“Be to her, Persephone,
All the things I might not be”
Alone and awake in the hours before dawn,
the one who turns the shadows beneath sleeves
and taps the freckle on my left knee
like incense smoke inhaled by the air
dances when I light a flame
and finally to me revealed her name.
She sat by the black pool and cast a call to the East,
blessed the Western currents, the Northern Star, the Southern heat.
She gazed into the black pool and extinguished a burning wish.
What to do with all this night sky…
Truth pulls like a fire, hunting for the core of shame,
cracks the bones of every deception; this hidden repertoire of blame.
(Even now, I cannot stand rhyme but she promises it just takes time.)
Every level grates her finely while searching Mother Earth for a familiar fool
like tuning a radio to the right frequency;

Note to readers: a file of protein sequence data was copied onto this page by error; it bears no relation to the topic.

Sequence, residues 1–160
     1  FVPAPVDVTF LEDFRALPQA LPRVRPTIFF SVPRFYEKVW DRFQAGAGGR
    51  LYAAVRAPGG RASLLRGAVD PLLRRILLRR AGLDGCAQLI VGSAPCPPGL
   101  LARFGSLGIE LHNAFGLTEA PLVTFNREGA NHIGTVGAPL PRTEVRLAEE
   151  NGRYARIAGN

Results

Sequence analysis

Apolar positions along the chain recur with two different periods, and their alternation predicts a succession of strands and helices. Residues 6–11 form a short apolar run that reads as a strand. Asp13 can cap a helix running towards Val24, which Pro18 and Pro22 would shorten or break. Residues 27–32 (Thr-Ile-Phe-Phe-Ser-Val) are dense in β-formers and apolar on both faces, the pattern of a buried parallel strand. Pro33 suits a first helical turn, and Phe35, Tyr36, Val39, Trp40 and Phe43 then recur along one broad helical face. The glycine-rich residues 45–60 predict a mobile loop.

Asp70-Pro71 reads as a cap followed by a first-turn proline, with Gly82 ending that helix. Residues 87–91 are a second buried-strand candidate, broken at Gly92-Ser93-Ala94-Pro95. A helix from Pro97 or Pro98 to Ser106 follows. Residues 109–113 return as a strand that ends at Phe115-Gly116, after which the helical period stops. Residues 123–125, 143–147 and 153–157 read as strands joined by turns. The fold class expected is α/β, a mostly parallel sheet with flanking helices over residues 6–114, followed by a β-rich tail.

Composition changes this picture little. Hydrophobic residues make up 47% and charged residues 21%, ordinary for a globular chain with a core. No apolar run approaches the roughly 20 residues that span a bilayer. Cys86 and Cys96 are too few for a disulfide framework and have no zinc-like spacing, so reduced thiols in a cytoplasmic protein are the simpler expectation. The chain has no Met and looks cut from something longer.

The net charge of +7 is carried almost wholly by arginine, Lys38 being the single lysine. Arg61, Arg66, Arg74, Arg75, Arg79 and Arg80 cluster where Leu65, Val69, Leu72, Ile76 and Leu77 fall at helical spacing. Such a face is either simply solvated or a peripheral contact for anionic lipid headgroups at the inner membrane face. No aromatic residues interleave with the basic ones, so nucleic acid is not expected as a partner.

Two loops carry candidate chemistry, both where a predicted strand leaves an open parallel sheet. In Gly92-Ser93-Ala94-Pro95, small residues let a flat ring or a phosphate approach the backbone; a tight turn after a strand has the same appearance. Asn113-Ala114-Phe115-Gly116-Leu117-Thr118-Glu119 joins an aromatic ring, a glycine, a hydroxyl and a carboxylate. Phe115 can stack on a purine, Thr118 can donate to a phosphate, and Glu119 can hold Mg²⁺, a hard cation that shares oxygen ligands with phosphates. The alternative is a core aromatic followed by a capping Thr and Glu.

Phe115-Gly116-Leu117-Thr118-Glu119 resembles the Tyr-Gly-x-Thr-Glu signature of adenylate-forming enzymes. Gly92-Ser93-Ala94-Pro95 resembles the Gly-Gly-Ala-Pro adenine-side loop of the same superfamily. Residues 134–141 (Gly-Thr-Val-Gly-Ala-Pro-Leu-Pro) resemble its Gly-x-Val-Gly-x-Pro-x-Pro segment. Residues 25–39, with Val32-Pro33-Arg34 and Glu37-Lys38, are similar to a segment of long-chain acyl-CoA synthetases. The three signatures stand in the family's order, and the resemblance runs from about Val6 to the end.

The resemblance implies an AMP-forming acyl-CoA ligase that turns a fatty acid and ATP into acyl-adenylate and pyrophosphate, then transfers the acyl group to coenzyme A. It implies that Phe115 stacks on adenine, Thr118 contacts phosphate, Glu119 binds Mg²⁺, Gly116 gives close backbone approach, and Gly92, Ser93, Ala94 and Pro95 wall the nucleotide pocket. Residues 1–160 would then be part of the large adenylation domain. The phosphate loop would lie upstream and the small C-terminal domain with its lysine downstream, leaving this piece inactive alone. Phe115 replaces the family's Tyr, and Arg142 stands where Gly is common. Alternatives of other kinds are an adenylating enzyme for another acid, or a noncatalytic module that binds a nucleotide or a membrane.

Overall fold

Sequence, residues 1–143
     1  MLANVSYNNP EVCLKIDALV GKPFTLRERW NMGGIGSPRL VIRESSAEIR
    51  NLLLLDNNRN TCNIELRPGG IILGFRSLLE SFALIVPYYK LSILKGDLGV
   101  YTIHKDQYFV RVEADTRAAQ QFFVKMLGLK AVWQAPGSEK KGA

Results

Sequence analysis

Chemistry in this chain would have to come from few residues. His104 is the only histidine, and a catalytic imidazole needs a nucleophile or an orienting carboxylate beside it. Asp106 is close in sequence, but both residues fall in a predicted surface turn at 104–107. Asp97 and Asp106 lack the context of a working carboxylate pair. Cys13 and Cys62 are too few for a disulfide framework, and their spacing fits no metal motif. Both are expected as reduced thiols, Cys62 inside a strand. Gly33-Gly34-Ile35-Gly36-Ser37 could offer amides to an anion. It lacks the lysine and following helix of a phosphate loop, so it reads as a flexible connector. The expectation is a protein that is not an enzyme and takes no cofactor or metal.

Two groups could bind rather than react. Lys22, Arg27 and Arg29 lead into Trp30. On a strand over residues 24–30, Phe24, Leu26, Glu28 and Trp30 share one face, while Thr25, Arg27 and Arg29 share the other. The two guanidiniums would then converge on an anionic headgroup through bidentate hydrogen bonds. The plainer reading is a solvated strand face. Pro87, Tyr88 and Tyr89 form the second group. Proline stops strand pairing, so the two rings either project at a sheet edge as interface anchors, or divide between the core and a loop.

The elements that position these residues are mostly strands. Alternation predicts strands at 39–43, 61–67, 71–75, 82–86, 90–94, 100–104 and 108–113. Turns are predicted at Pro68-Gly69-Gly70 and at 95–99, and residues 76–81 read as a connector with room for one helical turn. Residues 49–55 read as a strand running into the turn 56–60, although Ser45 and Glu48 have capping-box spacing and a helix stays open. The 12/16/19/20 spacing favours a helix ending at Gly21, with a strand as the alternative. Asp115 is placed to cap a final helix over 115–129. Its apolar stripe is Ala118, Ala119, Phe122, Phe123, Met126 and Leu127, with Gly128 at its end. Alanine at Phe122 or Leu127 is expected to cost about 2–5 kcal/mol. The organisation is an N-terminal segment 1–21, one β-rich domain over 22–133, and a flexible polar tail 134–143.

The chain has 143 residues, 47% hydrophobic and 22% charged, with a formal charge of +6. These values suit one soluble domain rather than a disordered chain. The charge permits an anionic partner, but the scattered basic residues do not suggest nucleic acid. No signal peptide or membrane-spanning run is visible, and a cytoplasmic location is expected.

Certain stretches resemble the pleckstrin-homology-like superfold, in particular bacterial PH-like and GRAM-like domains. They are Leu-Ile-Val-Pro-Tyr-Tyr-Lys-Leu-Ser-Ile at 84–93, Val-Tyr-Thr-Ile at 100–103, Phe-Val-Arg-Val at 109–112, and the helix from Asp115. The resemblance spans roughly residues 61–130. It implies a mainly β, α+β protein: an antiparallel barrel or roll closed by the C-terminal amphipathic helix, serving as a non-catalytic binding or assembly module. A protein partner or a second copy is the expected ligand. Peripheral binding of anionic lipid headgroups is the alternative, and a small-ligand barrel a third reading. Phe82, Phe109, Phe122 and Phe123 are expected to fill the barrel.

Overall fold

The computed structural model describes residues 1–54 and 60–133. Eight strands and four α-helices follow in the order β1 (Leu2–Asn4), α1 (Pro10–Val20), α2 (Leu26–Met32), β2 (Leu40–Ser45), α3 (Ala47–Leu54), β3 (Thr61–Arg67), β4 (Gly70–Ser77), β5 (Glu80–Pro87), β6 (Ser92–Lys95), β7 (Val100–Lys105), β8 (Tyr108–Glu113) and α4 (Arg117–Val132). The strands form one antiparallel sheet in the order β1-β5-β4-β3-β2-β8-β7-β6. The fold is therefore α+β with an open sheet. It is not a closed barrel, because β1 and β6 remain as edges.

when the others speak, she is listening to a swimming pool.
The guests who danced to remember, and those who danced to forget
know her as the shadow they could not chase,
merely distractions on the path to understanding,
precious years of her life they conspired to waste.
Surely as the moon transforms each cycle,
as destined as the solar star to die,
with pomegranate seeds she bleeds, she laughs, and she, too, cries.
There is beauty in singularly facing fear;
“My dear, my dear,
It is not so dreadful here.”
(Lines adapted from Prayer to Persephone by Edna St. Vincent Millay, 1892-1950)